Release date: July 21, 1989
Directed by: Jay Levey
Starring: “Weird Al” Yankovic, Kevin McCarthy, Michael Richards, Fran Drescher, David Bowe, Victoria Jackson
Budget: $5 million
Box office: $6.1 million
After being fired from his fast food job, George Newman becomes the manager of a local UHF television station.
UHF is basically what happens when Yankovic turns some of his songs into a feature-length film, something which could have been nothing more than a lame marketing attempt for him to tell a terrible story connected by his songs. The end result is so much more, with audiences receiving a film full of excellent weirdness and hilarity. The plotline is pretty basic and goes in the expected direction a film such as this would go. However, for every obvious moment, there are numerous times the film successfully veers off in an offbeat direction. The film feels self-aware, knowing exactly who made it and what kind of film it is, and just has fun with all the absurdity. It even employs a music video midway through the film that makes sense considering everything preceding it and doesn’t come off as an attempt at padding.
The characterization is great in this film, too. Newman may be a hopeless daydreamer, but he’s the essential straight man compared to everyone else around him. Nearly every single person he runs into is just another example of the strange and bizarre world the film throws its audience into. Additionally, whether it’s a moronic janitor who has an unhealthy fixation on mops and an unexplained way with kids or any of the characters appearing on the channel’s programming, none of them are particularly unlikeable. Even the villain has charm as an over the top executive whose cartoonish actions fit in well with the overall tone of the film.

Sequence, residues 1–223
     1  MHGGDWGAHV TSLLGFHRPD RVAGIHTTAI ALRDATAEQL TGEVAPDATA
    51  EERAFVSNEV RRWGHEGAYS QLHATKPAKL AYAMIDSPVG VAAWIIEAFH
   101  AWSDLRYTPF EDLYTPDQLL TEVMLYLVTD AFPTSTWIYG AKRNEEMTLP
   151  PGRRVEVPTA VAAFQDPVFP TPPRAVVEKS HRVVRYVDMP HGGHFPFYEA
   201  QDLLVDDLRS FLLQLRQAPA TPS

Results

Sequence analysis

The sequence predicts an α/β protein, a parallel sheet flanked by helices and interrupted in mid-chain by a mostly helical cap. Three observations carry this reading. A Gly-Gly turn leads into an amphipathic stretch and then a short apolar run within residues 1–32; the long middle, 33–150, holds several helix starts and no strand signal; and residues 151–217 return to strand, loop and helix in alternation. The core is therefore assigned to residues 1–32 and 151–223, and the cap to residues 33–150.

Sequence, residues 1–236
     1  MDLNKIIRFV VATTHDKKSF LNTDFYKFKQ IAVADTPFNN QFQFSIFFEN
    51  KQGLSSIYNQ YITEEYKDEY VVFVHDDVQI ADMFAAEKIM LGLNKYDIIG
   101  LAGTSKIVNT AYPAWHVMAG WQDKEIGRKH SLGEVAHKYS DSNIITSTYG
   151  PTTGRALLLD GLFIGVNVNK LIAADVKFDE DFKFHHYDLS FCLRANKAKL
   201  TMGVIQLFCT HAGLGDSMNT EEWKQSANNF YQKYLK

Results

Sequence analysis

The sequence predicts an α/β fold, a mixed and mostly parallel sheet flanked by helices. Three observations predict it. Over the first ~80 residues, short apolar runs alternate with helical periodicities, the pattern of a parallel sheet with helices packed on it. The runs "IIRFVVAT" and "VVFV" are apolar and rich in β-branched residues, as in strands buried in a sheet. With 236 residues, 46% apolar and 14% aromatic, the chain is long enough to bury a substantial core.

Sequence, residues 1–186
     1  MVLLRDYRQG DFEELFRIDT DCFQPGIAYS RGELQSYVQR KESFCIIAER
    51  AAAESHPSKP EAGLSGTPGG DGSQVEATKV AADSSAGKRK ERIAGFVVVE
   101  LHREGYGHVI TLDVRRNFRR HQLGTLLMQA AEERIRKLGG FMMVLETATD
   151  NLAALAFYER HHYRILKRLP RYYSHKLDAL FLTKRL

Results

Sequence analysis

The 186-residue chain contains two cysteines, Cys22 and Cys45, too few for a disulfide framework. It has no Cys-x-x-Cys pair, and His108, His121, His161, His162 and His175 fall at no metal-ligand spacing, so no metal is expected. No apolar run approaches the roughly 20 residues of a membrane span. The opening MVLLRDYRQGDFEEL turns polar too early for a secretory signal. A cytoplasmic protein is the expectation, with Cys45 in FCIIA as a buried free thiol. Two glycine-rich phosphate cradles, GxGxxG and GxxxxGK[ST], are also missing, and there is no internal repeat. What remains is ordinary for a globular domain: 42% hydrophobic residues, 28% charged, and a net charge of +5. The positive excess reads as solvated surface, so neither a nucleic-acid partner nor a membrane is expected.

The acting is also pretty good. Yankovic does well as the straight man in his reactions to the crazy shenanigans happening around him. His exasperation in some moments and bewilderment in others feels completely natural. Further, Richards is able to suck all the emotion out of himself and utilize it perfectly in order to steal every scene he’s in and McCarthy always uses the right amount of energy to eat the set and make his cartoonishly evil character seem convincing.
It all comes together to form an enjoyable comedy, able to turn random oddities and turn them into a fun experience.